I AM at my wits end. The last two weeks have been an emotional roller coaster and since the final countdown to the marathon began on Monday I have flitted, minute by minute, between overwhelming enthusiasm and abject terror.
Everyone keeps asking me when the race is, when I am going down to London, and wishing me luck. One minute I don’t think I will make it round the course, and the next I am swaggering about talking about collecting my medal.
I came to the realisation this week that I have never worked this hard for anything in my life.
Training wise it’s been three weeks of tapering, the plantar fasciitis has subsided, thankfully, largely due to some spongy innersoles and rest. Last week I did a 14 miles and this weekend 10. Since then it’s been light jogging,
A number of the #vlmfamily on twitter have been dropping like flies and I have been reading on in horror at those who have been training for months only to get the flu and aches and pains now.
Fingers crossed for everyone trying to make it to that start line on Sunday.
I’ve come to realise that it’s one of those things where just turning up is an achievement.
I’ve even upped my fund raising target to £3k this morning. That’s double the amount Wessex Cancer Trust wanted me to raise.
Standing at the start of Worksop half in October wondering if I could get round it seems like a long time ago now.
One of my biggest worries at the time was not making the £1,500 for charity and I am so pleased, and grateful, to have smashed it.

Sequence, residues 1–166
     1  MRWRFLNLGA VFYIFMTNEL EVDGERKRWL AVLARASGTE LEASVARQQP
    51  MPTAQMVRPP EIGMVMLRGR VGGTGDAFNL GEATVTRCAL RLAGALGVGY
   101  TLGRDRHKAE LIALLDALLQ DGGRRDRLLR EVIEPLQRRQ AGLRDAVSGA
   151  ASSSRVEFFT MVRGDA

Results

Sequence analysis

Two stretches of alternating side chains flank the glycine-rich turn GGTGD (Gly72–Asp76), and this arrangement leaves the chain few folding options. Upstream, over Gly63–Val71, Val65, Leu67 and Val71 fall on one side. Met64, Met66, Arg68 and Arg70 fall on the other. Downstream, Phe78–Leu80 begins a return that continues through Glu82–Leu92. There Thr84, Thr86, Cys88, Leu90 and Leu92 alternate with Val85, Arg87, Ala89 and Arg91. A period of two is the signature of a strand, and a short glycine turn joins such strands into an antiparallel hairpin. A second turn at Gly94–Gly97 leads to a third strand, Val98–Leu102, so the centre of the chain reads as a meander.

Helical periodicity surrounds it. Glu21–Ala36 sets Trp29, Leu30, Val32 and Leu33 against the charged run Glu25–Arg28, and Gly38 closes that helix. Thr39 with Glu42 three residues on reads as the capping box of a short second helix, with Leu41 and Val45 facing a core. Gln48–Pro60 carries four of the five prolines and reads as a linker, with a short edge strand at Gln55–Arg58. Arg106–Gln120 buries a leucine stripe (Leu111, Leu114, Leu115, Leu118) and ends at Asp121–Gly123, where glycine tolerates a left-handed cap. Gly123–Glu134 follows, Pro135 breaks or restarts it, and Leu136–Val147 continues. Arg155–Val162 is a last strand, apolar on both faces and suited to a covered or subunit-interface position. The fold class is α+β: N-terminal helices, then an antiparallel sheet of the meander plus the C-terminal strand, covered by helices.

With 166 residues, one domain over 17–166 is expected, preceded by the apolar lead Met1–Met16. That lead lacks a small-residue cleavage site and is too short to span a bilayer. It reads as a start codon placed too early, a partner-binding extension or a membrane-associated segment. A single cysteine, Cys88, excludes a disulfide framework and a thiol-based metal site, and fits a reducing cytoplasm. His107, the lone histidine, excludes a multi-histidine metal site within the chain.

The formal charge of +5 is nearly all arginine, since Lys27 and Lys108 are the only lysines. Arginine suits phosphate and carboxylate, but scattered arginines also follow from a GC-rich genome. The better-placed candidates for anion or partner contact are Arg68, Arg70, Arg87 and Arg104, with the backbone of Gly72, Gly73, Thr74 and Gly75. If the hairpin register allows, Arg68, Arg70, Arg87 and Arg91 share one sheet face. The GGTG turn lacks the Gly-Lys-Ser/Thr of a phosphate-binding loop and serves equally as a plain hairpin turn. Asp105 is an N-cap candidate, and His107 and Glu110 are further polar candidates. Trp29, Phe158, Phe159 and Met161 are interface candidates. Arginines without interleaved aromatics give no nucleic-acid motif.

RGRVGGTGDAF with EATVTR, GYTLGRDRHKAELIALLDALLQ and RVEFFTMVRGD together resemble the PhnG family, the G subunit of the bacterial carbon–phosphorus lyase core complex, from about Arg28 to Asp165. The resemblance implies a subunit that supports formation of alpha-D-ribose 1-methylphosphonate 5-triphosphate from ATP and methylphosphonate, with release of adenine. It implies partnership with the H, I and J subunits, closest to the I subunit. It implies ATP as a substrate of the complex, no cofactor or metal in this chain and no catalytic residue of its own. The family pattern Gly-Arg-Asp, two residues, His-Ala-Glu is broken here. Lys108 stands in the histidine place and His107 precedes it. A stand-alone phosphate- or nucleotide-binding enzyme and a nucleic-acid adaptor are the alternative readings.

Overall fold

This week an article went in my hometown paper the Alton Herald, so I’m hoping that will weed out a few old friends who’ll pay my justgiving page a visit.
On Wednesday my father made the trek across London for me, to visit the expo and collect my number and chip for the race. Thanks Dad!
He returned not only with my kit bag, and some free beer but also armed with a few top tips. Without my family I genuinely don’t think I would make it to that start line.
He’s also booked us into the Spaghetti House for Saturday night’s tea. It’ll probably be the last pasta dish I opt for in a while.
So here’s my strategy for the day:
Don’t think about 26.2 miles. It’s an inhumane distance to walk, let alone run. I am simply running four FIVE miles runs and two THREE milers.
Don’t start off too fast.
Ignore pantomime horses as they overtake me. Inside those costumes are probably those experienced runners who are all lithe and sinewy. The people who genuinely like exercise and don’t just do it so they can eat crisps.
Picture crossing the line, picture all those miles stretched out behind me that I have already owned.
Smile and try and enjoy it.
A big thanks in advance to my sideline supporters, my husband Dave, my folks Chris and Margaret, my in-laws Jill and Ashley and brother in law Chris, my auntie Mary and uncle Roger, and friends Sarah, Carl, Kay, Tom, Charlotte and Leon.
I shall be looking out for all of you, a great distraction for me.
I’ll be back next week to let you know how I got on. Wish me luck.
Keep on running.